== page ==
What’s the best belt meter for you?


Whatever your application — automotive steering systems, agricultural equipment, HVAC systems, 3D printers or any other — the same problems can arise with industrial belts, from improper tension like wear, shortened belt lifetimes, and unexpected maintenance and downtime if the belt fails. Belt tension is vital to your bottom line, so the efficiency, power and lifetime of the belt should come first. But which is the right belt meter for you? Here, I’ll help you decide.

A belt meter can be used for all belt tension gauging applications, from automotive and agricultural equipment to HVAC systems and 3D printers. The belt is tapped to induce vibrations at its natural frequency. Based on a microprocessor using digital signal processing, the meter detects the frequency of vibration and displays this on the unit. Ideally, a belt meter should require little operator skill.

But the belt meter must suit your application and environment. Belt sizes vary greatly, too. In 3D printers, the most common belt width and teeth pitch are 6mm and 2mm, respectively, while V-belts used in large industrial machines can be up-to one-and-a-half inches wide with lengths of around 50in. So, which is the best belt meter for your needs? Here are the questions you should ask. 

What kind of equipment will my belt meter be used on?

A belt meter has either an optical or acoustic sensor head and your working environment will effect which you choose. Are there a lot of loud voices, music or machinery in the background? Then your best choice might be an acoustic sensor, a two-microphone system where the belt tension meter reads a signal from one microphone while subtracting certain elements from the other. This cancels out background noise to give a more accurate reading; useful in industrial fans, conveyer drives, industrial blowers or quarry equipment like crushers.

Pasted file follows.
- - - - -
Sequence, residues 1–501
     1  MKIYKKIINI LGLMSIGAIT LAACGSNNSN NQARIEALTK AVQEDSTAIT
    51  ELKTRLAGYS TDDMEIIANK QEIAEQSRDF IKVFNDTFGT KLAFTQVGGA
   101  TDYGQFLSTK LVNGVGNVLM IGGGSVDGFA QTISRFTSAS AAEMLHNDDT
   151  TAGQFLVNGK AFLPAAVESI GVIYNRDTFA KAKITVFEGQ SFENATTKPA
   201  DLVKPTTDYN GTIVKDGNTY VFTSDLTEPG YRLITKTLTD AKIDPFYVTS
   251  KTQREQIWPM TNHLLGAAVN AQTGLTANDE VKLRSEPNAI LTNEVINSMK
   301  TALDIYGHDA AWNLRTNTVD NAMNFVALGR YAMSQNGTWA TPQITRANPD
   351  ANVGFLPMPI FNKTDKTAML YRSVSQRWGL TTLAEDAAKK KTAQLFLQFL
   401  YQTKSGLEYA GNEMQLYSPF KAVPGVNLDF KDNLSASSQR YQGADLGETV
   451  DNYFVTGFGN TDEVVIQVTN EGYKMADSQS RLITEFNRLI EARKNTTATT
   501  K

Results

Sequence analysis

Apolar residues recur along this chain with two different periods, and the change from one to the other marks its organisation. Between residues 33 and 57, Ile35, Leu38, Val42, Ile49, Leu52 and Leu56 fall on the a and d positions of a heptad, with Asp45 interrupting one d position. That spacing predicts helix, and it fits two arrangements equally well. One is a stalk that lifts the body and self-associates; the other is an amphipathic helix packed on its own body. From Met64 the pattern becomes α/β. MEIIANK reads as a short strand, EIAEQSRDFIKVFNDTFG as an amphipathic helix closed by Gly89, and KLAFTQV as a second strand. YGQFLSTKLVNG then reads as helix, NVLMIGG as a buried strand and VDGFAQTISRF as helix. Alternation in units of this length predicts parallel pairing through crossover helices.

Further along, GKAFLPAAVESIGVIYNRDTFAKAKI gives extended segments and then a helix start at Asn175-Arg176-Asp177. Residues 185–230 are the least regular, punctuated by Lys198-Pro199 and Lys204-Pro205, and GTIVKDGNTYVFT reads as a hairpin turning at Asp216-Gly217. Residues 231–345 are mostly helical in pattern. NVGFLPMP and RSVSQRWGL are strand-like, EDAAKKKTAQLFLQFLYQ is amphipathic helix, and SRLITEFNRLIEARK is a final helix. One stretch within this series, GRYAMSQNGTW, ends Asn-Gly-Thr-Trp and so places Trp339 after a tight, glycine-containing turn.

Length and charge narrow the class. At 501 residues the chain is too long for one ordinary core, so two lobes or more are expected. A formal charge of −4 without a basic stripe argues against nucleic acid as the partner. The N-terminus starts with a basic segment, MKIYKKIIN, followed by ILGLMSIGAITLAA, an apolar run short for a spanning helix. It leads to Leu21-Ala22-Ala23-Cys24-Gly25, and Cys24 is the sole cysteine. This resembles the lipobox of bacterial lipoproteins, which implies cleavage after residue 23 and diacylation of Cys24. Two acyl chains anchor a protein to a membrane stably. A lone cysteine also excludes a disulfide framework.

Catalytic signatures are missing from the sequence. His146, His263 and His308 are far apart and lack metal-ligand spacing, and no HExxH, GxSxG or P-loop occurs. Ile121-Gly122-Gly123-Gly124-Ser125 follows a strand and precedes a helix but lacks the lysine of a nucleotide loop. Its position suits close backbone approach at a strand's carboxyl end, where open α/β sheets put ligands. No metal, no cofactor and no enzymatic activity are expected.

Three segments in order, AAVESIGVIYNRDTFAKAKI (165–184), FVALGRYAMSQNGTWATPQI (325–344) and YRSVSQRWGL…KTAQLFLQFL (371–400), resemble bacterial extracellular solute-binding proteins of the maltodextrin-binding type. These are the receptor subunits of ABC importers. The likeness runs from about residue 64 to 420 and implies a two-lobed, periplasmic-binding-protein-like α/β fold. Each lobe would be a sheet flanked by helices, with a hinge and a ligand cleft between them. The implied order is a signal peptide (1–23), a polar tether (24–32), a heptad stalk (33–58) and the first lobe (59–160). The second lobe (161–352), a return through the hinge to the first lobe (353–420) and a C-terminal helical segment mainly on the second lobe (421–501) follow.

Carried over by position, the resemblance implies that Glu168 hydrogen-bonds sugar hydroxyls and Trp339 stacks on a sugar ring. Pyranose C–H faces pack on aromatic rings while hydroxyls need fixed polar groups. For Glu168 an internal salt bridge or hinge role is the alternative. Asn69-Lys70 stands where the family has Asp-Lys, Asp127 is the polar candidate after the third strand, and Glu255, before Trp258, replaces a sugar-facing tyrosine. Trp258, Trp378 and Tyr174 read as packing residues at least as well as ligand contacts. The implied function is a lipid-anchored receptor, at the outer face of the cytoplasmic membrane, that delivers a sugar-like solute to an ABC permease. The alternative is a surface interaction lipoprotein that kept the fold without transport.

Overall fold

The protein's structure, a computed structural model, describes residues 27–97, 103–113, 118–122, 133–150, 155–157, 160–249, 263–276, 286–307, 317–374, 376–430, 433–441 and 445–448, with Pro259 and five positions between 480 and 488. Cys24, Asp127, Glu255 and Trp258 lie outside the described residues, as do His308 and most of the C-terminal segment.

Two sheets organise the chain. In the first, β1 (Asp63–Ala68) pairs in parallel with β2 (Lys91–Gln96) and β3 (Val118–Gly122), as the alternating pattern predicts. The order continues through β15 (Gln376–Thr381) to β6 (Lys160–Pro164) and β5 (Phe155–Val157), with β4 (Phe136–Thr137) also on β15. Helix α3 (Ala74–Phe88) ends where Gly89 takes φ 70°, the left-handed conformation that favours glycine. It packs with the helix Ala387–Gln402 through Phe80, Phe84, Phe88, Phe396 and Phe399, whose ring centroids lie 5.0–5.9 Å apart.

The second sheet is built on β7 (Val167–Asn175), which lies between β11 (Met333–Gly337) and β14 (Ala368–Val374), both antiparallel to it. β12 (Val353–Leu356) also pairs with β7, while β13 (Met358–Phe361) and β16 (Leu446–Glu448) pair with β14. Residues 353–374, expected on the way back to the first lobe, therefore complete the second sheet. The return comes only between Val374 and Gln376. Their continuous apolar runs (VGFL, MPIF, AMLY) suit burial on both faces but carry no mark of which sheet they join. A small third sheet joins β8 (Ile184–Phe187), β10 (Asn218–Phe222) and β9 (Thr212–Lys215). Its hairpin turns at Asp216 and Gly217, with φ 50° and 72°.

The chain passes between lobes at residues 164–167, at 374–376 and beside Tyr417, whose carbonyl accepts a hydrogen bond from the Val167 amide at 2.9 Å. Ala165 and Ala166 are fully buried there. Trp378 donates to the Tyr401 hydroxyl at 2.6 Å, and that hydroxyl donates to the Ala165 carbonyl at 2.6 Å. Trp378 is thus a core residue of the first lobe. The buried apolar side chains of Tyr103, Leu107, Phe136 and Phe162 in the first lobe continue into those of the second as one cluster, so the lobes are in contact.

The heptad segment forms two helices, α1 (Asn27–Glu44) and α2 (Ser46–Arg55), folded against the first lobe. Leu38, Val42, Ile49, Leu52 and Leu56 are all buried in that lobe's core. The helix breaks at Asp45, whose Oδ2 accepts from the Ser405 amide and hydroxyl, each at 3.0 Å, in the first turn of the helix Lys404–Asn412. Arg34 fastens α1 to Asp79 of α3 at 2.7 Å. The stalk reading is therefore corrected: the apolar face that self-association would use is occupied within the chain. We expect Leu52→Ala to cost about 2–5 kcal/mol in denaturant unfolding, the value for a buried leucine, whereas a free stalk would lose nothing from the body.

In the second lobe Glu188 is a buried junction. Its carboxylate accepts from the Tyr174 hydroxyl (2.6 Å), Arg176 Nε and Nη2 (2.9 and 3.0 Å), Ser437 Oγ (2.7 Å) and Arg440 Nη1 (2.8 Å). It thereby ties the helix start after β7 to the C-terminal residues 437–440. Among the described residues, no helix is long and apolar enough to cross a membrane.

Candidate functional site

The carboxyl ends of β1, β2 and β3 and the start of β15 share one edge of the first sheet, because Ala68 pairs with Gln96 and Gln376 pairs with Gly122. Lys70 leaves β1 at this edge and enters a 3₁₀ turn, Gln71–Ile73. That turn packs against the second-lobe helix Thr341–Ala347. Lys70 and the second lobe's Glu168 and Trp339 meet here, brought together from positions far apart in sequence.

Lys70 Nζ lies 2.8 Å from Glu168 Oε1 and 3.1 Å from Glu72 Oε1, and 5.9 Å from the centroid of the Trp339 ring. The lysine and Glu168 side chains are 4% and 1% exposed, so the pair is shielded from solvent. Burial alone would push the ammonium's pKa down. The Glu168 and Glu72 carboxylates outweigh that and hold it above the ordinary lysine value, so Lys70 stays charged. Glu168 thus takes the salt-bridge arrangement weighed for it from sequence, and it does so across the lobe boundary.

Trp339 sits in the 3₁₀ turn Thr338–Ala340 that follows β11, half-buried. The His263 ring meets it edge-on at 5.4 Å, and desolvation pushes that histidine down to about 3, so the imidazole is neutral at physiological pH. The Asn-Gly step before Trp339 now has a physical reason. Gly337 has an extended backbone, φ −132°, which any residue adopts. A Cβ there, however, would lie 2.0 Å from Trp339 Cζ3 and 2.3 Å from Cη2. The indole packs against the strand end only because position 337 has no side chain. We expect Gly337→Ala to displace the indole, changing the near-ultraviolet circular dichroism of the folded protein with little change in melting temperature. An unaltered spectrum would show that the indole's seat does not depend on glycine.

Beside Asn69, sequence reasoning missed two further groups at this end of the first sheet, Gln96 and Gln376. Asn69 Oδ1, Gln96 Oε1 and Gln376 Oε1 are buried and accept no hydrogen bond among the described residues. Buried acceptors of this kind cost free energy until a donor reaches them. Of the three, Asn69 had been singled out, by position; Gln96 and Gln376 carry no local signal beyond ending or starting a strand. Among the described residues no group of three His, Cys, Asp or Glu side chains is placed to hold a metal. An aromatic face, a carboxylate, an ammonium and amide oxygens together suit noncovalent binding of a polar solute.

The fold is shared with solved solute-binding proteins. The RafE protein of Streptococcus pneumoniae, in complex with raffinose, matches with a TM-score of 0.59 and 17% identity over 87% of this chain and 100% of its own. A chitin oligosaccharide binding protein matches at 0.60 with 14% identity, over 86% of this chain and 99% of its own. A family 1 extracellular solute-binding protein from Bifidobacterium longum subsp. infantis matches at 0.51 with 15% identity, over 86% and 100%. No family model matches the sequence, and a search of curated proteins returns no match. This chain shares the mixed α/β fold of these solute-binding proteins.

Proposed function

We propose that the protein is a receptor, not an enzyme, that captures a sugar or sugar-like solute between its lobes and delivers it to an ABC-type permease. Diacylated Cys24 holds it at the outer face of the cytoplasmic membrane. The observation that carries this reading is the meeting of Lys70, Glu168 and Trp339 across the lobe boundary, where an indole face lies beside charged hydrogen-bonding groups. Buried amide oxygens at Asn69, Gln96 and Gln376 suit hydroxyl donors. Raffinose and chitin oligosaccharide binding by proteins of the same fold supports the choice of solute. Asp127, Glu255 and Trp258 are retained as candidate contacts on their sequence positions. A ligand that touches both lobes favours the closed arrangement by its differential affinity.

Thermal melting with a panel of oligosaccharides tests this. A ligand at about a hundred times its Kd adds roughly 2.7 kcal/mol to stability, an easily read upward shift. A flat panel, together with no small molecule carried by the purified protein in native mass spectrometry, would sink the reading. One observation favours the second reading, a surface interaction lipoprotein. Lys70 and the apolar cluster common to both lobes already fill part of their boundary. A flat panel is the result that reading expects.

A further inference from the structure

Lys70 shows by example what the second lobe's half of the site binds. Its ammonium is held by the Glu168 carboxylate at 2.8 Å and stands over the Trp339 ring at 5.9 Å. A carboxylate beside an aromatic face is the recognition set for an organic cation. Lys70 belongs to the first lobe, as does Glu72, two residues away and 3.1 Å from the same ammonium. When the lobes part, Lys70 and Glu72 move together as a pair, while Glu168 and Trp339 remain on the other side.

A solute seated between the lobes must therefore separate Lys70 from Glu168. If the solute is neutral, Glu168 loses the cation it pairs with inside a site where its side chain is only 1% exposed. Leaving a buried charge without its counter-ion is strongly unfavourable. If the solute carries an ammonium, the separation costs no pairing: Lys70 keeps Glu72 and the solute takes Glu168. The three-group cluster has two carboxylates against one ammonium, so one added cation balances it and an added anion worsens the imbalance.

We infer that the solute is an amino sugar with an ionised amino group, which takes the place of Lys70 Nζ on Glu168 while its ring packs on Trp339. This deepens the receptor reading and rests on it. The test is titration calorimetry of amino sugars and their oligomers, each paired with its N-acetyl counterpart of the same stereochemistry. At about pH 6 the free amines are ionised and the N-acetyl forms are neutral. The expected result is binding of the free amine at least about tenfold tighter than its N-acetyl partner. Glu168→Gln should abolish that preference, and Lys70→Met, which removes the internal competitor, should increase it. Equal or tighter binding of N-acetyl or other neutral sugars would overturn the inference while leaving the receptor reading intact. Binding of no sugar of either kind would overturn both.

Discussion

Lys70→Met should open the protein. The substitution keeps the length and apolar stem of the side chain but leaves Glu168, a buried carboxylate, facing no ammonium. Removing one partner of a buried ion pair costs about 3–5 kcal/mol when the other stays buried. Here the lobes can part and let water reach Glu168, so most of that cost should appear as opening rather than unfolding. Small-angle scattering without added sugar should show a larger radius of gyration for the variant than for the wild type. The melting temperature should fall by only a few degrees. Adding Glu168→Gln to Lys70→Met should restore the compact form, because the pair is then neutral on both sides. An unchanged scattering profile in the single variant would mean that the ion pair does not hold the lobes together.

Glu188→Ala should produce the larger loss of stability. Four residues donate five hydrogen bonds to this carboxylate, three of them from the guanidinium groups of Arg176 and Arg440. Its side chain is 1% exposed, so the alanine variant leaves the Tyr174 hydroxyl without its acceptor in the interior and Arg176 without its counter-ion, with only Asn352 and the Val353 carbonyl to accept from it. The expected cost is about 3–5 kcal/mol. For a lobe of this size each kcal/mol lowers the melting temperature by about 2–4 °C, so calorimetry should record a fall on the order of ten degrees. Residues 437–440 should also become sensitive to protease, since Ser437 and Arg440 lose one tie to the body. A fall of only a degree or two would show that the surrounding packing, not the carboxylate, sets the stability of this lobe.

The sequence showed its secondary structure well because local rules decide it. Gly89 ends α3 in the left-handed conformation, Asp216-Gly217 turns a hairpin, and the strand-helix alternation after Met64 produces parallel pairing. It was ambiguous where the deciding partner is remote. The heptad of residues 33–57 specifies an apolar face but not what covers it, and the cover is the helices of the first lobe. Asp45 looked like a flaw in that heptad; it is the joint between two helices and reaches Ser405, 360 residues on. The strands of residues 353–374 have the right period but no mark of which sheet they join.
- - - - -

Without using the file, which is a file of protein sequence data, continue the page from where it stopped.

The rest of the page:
“Some specialists recommend calculating belt frequency by the shaft speed (rpm) or belt length. But the belt’s weight shouldn’t be forgotten, as different belt masses-per-meter require different frequency readings.”

A handheld meter like Clavis’s Type 4 is available in optical or acoustic versions, suitable for all belt types including toothed timing belts and Poly V — it was recently used to measure an enormous industrial belt in a chemical plant for one of our customers. The Type 4 measures frequencies from 10 hertz (Hz) to 600Hz, which leads to our next question.

At what frequency do I tension the belt?

Frequency relates directly to tension in the belt, and they increase in line with one another. Some specialists recommend that you calculate the frequency with factors like shaft speed (rpm) or belt length. But the belt’s weight shouldn’t be forgotten, as different belt masses-per-meter require different frequency readings. This is why, to support manufacturers, Clavis has developed an online Belt Calculator. In the example pictured below, a belt weighing 0.1kg/m should be measured in the range of 94.9Hz to 104.9Hz. Try it for yourself!

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When measuring a belt’s frequency, the weight of the belt shouldn’t be forgotten.